Sometimes, maintaining a healthy relationship can seem more like a full time job than sharing your life with a partner. The need to tread carefully between independence and vulnerability. The need for reassurance. The need to display constant gratitude. Let’s face it, it can seem emotionally exhausting at times. But rewardingly so. At least when we don’t manage to mess things up too badly. Which can be more often than not. There’s no secret recipe to a healthy relationship. No magic formula and no special talent. More frequently, it seems to come out of sheer luck and an even more elusive quality—pure chemistry. But a healthy relationship can be nurtured and fostered, even if chemistry can’t. And that development requires attention, work and mindfulness. So much so that many people consciously avoid considering the effort required. If you’re looking for the keys to a healthy relationship, here are five you need to be aware of.
Abolish Fear, Establish Trust
Fear is one of the most draining and demanding emotions we possess. It not only affects our quality of life, it can prevent us from living up to our true potential. And nowhere is it more pervasive than in a relationship.
Building trust with a partner doesn’t happen overnight. But if you want to develop a healthy relationship, you need to let go of toxic emotions that limit you and replace them with more productive ones. Establishing trust is a bold step for many people, and it requires both bravery and confidence. But it’s also a critical step towards your development as a partner—and a person.
The Right Amount Of Space At The Right Time
Space can be a tricky thing to master. Too much, and you’ll only grow cold and distant. Too little and you run the risk of suffocating. But it’s crucial if you wish to maintain both a healthy sense of affection and a healthy independence.
It’s important to remember that both of you will have your own reasons for personal space. And that it’s not a separation or a cooling off, but a time for reflection—a recharging of your respective emotional batteries. Space can be a positive thing, and it’s important to grant it as much to your partner as you’d like it to be granted to yourself.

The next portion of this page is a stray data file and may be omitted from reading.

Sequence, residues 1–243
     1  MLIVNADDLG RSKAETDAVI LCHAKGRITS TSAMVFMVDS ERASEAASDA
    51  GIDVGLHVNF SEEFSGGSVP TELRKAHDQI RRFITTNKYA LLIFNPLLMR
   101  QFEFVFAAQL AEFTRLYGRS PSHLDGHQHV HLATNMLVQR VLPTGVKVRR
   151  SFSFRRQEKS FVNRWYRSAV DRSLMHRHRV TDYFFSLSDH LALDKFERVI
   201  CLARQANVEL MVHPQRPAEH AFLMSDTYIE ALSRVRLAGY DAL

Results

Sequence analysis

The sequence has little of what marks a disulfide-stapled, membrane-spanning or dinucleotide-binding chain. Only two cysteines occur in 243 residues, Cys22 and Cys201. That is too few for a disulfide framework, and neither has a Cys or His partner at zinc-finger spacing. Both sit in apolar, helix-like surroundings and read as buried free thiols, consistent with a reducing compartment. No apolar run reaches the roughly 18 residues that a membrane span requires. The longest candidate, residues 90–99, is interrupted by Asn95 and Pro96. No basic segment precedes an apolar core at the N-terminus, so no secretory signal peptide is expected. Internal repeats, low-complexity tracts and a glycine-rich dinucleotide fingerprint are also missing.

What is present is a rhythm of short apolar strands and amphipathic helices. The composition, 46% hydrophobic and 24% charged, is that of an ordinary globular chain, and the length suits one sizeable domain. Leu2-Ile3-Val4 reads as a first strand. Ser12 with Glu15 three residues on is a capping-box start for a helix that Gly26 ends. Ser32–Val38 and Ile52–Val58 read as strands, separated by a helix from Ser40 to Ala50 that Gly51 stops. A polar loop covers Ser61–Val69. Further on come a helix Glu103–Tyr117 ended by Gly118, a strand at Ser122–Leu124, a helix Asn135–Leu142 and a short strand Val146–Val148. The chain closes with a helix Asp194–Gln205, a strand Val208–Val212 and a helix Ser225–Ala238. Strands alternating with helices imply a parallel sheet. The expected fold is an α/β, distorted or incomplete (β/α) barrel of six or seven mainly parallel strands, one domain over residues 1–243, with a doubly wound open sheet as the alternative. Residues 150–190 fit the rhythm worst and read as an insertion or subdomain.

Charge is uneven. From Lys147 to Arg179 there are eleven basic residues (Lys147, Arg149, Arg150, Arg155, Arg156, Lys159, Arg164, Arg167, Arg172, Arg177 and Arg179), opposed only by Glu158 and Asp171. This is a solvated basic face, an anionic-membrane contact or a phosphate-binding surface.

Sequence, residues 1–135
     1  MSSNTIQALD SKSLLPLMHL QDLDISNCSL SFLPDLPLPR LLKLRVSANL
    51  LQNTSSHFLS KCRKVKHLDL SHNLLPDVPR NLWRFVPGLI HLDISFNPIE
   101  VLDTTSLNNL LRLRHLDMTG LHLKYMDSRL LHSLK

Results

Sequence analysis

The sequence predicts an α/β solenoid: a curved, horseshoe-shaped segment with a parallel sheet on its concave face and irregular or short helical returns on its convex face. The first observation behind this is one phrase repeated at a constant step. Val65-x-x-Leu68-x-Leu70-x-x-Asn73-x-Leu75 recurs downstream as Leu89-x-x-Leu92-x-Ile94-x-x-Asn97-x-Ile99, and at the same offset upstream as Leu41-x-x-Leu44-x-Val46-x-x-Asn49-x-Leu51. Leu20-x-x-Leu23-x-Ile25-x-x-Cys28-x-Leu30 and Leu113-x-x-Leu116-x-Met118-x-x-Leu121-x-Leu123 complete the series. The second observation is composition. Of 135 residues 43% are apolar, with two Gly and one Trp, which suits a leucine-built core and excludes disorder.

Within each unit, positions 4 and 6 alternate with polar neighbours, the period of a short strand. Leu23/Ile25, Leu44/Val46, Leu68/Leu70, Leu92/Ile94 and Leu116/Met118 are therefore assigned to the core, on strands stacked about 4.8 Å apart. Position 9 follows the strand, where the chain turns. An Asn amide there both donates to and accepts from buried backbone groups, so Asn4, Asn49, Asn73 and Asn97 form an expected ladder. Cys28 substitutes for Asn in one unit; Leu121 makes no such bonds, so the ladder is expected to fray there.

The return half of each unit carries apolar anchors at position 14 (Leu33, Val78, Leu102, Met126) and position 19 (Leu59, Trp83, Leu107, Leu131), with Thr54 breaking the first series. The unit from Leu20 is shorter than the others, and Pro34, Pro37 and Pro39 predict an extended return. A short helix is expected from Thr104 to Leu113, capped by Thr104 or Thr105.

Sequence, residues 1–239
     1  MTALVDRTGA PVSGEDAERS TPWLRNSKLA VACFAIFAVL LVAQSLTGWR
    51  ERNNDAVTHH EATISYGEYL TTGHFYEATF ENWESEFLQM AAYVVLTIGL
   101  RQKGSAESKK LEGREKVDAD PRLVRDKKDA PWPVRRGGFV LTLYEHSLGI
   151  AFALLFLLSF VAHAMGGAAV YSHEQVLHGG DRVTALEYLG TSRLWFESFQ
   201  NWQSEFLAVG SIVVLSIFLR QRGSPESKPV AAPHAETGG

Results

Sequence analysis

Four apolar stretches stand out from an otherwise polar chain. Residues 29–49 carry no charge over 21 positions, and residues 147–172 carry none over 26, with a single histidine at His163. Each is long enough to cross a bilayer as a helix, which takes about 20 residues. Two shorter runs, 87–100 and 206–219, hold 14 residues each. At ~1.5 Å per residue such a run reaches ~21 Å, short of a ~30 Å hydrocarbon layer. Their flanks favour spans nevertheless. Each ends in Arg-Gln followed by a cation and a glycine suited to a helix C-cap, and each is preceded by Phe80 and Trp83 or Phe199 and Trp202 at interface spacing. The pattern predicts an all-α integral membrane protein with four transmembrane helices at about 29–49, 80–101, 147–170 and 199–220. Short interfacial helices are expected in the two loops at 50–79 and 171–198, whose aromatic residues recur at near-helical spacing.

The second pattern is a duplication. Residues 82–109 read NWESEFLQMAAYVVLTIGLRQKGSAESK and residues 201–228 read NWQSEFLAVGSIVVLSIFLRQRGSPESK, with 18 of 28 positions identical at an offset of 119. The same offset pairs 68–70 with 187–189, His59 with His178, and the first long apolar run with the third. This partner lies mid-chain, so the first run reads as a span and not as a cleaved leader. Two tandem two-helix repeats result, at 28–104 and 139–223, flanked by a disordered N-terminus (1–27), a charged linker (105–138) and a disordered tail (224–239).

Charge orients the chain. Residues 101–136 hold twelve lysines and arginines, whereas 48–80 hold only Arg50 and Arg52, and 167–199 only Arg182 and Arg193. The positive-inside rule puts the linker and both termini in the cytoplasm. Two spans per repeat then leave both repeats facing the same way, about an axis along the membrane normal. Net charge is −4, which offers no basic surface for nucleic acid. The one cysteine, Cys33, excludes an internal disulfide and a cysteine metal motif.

Communication Means Listening
Too often, we assume that communication is a one way street based solely on our own justifications. And all too often, we fail to hear the voice of our partner over our own.
Communication demands three things of people: honesty, self assessment and an open mind. When we shut out a partner because we simply don’t want to hear what they’re saying, neither open mindedness or honesty gain from the act. And self assessment can only come about with an open mind and honesty. Don’t be afraid to stand your ground—but don’t be so close minded that you refuse to take uncomfortable advice to heart. Truth is frequently inconvenient.
Quality Time Means Quality Time
Not necessarily more time, but more productive time. This means minimizing distractions and focusing on your partner’s needs and feelings. How can you nurture them? Support them? What are their fears? Their hopes and dreams? How can you enable them to grow?
These aren’t necessarily easy things to confront. They rely on deep self examination. But in the end they’re a hundred times more valuable than a night of “Netflix and chilling.”
Spontaneity Is Your Secret Weapon—Embrace It
It’s far too easy to expect the expected from a relationship. And while a routine can be perfectly healthy, it can also dull the romance and prevent you from discovering something new about your partner. And pretty soon, that sense of boredom’s going to become a nagging itch you simply can’t escape.
Don’t fall prey to monotony and predictability. Your relationship should be an adventure, not a security blanket. At least once a week, take a trip somewhere out of the ordinary. Try new restaurants. New activities. Engage with your partner in meaningful ways. Make the most of your relationship. Don’t make it mundane. Make it extraordinary.